You're a good papa--and it is likely that this will pass more quickly than you might think and that your daughter will be fine. Peace to you this evening!
posted by rumposinc at 1:37 PM on June 13, 2009 [1 favorite]


Well, the "good" thing is that little kids are much faster healers than adults. So she should heal much quicker than if the same thing happened to you or me.

The truth is, all the doctors can really do is give you estimates, as everyone heals at different rates. The bone could be fully mended in about two weeks, or it could take a bit longer for this particular baby. Traction and casting is common for this type of injury, and a partial body cast is probably just because babies are squirmy and can't follow instructions like "don't squirm or you won't heal."

The baby will be okay and it seems like you have great doctors looking over her. It's especially nice that mom can be there with her.

I understand you want a more concrete timeframe to give your employers, but I just don't think you can say "I'll be back in 2 weeks" and know that's 100% true. Can you get a sitter or family member for your other kids? Can you work from home while you have to watch them? Can you bring them to work with you (I would never advocate this and hated when co-workers would bring sick kids to work because they couldn't find a sitter, but maybe things like this are more accepted in Australia?).
posted by misanthropicsarah at 3:11 PM on June 13, 2009


Response by poster: I suspect babies heal much, much faster than old farts, so I should think that as long as the fracture is kept aligned it'll all be over in a matter of weeks.

Good god, clarkstonian, what happened? A broken leg doesn't seem like a big deal to me, but what you're describing is horrific!

"bystander" thanks you all for your support, I'm sure.
posted by five fresh fish at 5:59 PM on June 13, 2009


fff - A spiral fracture in an infant is pretty serious, I think. She'll heal quickly, but it's really important that she heals properly. Maybe worse than her physical injuries will be the damage to your friends' psyches. They'll have issues with guilt and anger and regret. They're going to need you.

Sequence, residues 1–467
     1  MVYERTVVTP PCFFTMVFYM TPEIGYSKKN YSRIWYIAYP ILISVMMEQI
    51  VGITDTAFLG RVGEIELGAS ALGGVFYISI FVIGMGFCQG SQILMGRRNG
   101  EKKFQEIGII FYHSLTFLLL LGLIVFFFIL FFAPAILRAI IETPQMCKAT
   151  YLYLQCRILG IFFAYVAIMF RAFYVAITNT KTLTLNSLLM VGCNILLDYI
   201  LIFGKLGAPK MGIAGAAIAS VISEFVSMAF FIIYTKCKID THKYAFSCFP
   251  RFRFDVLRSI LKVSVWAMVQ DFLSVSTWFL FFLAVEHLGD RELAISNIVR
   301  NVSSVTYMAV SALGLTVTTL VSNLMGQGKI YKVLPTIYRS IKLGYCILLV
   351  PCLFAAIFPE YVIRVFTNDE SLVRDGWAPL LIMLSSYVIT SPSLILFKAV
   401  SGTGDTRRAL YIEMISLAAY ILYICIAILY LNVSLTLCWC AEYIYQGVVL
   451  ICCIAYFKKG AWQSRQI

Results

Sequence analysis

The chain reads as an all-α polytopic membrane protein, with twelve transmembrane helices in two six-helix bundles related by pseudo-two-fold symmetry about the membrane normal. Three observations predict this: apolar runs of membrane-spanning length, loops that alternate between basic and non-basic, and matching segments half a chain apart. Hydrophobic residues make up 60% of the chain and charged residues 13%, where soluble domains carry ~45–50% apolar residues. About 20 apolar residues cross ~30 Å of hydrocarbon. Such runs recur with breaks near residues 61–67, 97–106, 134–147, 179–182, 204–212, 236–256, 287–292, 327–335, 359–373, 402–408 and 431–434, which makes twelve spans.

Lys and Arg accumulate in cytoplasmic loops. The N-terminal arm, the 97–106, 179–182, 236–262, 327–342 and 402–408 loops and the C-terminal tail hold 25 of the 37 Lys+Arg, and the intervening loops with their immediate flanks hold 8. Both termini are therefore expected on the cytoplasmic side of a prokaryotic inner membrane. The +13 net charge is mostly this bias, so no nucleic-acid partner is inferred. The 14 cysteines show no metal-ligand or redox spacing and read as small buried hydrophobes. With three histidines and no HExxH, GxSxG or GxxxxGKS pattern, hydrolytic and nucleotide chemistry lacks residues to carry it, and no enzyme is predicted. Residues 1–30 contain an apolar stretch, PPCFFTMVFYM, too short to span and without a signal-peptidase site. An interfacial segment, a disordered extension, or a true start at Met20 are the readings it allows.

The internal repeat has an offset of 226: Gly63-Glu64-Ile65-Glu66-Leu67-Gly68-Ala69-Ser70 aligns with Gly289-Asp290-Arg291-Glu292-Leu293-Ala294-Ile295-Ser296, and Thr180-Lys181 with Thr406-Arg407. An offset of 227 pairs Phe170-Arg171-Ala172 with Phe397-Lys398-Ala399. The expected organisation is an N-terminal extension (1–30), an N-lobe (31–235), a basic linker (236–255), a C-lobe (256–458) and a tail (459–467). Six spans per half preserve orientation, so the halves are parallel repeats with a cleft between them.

A very large tree fell on our daughter. Simple as that. Clear day. Blue sky. First really warm, beautiful day of spring. No warning. No time to run. Snapped her in half. We were incredibly, incredibly lucky - she is alive. She will heal. She might never be the carefree, athletic girl she was, but she lives to tell the tale.
posted by clarkstonian at 9:50 PM on June 13, 2009


Response by poster: Wow. Bad luck, that incident. I hope you can work your way through it relatively unscathed.
posted by five fresh fish at 10:53 PM on June 13, 2009


Actually, FFF, I'm writing this response is more to you. I was a chronically ill kid from birth -- lots of stress and hospitals for my folks to deal with. I know one of the things that really helped my folks was the support of their friends. You are a good friend for posting this, please continue to support your friends. They can be lonely when they are shut off from "normal" social activities to care for their child.
posted by Librarygeek at 5:37 AM on June 14, 2009


Response by poster: Duly noted, re: support.

I really think it'd be nice to hear something about time-frames and what they should be doing at home, and stuff like that.
posted by five fresh fish at 8:34 AM on June 14, 2009


FFF kindly posted this for me when I was quite frantic after chasing around hospitals etc. and I broke the rules to do it (unknown to him).

The responses were really helpful in calming me down.
Its been a really tough week just from an energy perspective. I've driven a lot of miles and have three other kids I've been looking after, but I can say I was a lot more in control, and effective dealing with doctors etc. thanks to these responses.
The good news is my daughter is out of hospital now, although in a cast from her waist down to her ankles over both legs for the next six weeks, but the doctors advise she will make a full recovery then.
posted by bystander at 2:03 AM on June 19, 2009


Response by poster: That's good to hear. Thanks for providing an update for the folks who helped.

She must be quite the sight, with casts like that.
posted by five fresh fish at 2:21 AM on June 19, 2009


bystander:
don't forget to rest and take care of yourself. I hope your little girl gets better quickly.
posted by Librarygeek at 5:26 PM on June 26, 2009